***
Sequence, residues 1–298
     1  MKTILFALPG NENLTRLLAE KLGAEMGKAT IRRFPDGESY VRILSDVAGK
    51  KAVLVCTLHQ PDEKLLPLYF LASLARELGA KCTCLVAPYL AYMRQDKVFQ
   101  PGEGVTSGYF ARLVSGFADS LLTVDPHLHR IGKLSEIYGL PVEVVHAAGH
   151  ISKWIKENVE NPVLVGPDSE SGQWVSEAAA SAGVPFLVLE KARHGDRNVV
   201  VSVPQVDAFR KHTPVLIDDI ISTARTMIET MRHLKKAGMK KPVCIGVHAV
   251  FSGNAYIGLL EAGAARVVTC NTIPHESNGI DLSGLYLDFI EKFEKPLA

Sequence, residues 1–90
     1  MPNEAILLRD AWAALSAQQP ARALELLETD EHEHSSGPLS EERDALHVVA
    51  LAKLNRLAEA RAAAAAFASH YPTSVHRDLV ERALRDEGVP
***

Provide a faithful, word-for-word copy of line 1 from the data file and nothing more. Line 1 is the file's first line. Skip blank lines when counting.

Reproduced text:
Sequence, residues 1–298